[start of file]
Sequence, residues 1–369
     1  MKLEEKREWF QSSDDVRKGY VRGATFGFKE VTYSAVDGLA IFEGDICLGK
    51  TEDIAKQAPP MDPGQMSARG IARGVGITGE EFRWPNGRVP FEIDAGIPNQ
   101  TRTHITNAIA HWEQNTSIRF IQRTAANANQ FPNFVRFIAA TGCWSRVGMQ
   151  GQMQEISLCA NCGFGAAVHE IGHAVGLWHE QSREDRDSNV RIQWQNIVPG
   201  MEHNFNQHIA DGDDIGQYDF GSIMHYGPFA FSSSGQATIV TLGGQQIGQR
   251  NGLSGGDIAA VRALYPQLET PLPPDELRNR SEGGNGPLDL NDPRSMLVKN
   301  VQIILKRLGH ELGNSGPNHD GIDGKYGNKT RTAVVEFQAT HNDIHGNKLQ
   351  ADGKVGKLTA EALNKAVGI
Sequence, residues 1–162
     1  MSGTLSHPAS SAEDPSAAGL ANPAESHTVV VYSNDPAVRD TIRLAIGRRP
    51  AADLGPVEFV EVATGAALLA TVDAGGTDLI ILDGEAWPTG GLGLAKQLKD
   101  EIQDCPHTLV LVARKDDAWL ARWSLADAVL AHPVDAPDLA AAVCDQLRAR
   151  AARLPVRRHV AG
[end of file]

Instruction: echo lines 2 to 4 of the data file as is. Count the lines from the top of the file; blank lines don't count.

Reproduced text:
     1  MKLEEKREWF QSSDDVRKGY VRGATFGFKE VTYSAVDGLA IFEGDICLGK
    51  TEDIAKQAPP MDPGQMSARG IARGVGITGE EFRWPNGRVP FEIDAGIPNQ
   101  TRTHITNAIA HWEQNTSIRF IQRTAANANQ FPNFVRFIAA TGCWSRVGMQ